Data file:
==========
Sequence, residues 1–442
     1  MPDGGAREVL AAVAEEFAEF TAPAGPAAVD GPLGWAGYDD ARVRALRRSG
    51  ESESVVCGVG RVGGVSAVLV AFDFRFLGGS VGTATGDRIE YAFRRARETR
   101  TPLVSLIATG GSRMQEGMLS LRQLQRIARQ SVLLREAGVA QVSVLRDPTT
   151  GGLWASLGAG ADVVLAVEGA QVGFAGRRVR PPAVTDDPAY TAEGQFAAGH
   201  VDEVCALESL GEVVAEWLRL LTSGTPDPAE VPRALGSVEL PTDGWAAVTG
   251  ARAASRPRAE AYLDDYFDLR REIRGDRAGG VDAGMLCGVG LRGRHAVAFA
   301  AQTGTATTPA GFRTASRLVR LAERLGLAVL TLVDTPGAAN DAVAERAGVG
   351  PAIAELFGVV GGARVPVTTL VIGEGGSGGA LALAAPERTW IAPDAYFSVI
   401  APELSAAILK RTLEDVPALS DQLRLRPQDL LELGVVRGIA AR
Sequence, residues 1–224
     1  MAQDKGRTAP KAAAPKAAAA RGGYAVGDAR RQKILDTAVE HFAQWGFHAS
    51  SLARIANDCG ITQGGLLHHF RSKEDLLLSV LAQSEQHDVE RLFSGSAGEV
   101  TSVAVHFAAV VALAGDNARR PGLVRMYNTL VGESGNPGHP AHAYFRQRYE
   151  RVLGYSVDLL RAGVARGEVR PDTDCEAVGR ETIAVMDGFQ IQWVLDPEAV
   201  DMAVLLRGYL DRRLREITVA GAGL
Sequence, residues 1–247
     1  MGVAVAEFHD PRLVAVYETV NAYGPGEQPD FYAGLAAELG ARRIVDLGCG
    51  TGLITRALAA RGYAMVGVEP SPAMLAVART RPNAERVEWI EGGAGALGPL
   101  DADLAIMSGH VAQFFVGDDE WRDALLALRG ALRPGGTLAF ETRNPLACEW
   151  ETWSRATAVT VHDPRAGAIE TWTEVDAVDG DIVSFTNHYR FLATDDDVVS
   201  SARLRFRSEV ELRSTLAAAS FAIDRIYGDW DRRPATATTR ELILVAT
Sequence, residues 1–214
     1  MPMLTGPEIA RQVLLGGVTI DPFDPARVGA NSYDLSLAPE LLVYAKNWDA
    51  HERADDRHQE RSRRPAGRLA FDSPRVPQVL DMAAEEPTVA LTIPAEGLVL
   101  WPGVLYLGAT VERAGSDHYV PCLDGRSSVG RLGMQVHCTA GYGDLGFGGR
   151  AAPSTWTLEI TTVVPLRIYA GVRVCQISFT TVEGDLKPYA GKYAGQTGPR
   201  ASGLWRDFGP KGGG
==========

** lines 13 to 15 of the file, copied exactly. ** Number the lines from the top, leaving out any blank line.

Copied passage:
    51  SLARIANDCG ITQGGLLHHF RSKEDLLLSV LAQSEQHDVE RLFSGSAGEV
   101  TSVAVHFAAV VALAGDNARR PGLVRMYNTL VGESGNPGHP AHAYFRQRYE
   151  RVLGYSVDLL RAGVARGEVR PDTDCEAVGR ETIAVMDGFQ IQWVLDPEAV